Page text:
After a long summer, anticipation runs high on North Ronaldsay in August. With each passing week the number of passage migrants increases, as more and more birds start to move away from their breeding grounds across the Northern Hemisphere.
Northern Wheatear, Meadow Pipit, Pied Wagtail and Willow Warbler are the four common passerine migrants seen throughout the month. Among them this year some scarce species were seen, such as Barred Warbler and Common Rosefinch. Seawatching has picked up too, with birds such as Sooty Shearwater almost constantly passing the north end of the island as they make their way out of the North Sea and into the Atlantic Ocean.
Less expected rarer highlights from the month included a Balearic Shearwater, an American Golden Plover and a Reed Warbler. With September and October just around the corner this is the most exciting time to be a birder at one of the best birding locations in the UK!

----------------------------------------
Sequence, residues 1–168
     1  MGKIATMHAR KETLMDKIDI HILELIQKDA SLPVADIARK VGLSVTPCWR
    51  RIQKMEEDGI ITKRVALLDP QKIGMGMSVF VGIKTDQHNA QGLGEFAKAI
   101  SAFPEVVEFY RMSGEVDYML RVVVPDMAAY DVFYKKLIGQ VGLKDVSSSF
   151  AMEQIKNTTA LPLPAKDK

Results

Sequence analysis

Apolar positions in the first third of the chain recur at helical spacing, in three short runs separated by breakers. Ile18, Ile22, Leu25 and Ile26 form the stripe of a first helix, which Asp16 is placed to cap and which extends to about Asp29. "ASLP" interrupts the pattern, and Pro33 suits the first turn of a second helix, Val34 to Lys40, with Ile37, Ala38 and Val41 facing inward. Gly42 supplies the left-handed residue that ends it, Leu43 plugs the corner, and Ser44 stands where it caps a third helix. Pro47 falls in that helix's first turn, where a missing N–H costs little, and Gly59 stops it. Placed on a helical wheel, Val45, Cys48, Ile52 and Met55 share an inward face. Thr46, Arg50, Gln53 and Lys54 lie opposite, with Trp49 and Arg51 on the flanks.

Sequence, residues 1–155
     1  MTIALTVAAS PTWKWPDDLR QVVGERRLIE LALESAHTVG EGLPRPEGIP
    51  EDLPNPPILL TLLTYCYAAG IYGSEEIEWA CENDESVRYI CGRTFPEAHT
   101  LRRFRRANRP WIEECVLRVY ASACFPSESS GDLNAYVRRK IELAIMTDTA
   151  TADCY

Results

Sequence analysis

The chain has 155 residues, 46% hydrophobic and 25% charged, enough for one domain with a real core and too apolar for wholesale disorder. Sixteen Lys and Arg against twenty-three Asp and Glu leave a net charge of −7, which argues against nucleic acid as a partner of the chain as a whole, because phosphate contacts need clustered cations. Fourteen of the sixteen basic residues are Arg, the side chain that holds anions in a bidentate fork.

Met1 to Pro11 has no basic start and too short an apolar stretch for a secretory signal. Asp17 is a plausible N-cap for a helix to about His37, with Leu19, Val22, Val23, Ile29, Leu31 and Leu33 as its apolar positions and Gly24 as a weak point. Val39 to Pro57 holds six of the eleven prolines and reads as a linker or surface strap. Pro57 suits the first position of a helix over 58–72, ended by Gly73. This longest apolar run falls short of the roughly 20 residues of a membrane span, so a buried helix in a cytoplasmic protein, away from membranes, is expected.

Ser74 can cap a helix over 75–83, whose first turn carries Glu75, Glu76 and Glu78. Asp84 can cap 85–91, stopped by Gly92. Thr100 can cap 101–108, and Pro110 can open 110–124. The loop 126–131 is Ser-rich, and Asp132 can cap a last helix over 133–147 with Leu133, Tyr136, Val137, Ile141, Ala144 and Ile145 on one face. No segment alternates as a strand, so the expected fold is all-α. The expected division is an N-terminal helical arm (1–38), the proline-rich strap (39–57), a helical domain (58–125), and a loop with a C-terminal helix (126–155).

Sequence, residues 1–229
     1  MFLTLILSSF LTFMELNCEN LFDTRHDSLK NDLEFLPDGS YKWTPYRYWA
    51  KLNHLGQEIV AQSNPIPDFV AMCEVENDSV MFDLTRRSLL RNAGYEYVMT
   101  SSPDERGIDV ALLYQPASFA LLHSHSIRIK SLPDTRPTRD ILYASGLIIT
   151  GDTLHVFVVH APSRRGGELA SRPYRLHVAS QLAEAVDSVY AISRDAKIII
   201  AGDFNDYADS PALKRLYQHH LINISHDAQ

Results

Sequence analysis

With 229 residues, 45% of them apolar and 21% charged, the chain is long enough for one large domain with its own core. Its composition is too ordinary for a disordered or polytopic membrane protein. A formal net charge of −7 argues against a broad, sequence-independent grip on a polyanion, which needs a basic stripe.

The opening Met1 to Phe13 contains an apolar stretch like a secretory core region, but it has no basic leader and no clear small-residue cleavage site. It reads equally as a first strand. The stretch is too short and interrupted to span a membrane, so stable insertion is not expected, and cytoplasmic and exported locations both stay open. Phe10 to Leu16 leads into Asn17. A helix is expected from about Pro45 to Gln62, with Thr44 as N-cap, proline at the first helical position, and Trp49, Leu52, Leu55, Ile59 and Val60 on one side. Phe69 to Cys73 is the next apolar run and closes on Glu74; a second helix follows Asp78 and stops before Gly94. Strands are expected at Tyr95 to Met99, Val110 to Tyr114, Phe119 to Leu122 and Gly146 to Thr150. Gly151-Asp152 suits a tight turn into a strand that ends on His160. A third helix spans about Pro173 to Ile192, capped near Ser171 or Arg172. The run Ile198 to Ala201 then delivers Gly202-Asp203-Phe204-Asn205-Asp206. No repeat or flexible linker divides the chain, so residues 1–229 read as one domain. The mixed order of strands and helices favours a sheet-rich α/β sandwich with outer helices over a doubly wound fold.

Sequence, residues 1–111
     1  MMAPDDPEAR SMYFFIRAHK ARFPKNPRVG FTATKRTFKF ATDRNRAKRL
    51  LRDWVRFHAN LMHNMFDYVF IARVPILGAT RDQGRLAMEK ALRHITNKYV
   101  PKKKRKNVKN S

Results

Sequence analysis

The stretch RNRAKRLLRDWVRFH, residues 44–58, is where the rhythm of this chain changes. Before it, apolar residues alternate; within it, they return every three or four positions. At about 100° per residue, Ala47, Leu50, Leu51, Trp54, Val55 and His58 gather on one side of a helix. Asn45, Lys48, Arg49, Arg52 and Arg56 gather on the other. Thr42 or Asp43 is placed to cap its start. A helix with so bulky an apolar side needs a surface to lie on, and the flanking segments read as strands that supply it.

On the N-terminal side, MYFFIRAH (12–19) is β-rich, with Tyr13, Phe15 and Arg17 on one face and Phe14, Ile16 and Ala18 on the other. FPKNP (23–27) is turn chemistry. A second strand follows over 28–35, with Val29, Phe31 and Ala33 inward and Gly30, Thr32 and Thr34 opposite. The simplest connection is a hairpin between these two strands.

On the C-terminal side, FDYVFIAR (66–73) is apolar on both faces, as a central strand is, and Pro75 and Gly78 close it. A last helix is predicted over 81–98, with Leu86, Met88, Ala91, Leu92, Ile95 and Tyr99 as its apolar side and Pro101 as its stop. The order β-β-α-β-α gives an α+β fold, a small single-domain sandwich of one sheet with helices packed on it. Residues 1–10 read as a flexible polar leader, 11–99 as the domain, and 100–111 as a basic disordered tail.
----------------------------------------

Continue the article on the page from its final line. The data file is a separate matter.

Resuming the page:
This Common Quail spent several weeks in the observatory crop field, often sitting right out in the open singing away, not fazed by observers (Dante Shepherd).
Wood Warblers have been getting rarer each year on the island, this bird was only the second record of 2021 (Maddie Hine).
This American Golden Plover was found during the middle of the month. North Ronaldsay has one of the best track records for this species in the Northern Isles (George Gay).
From 27-28th, this Common Rosefinch was present near the observatory (Maddy Hine).
August was good for juvenile Ruff, with 25 seen on the island towards the end of the month (George Gay).
Hen Harrier (Dante Shepherd).
Common Swift (Dante Shepherd).
Pied Flycatcher (Dante Shepherd).
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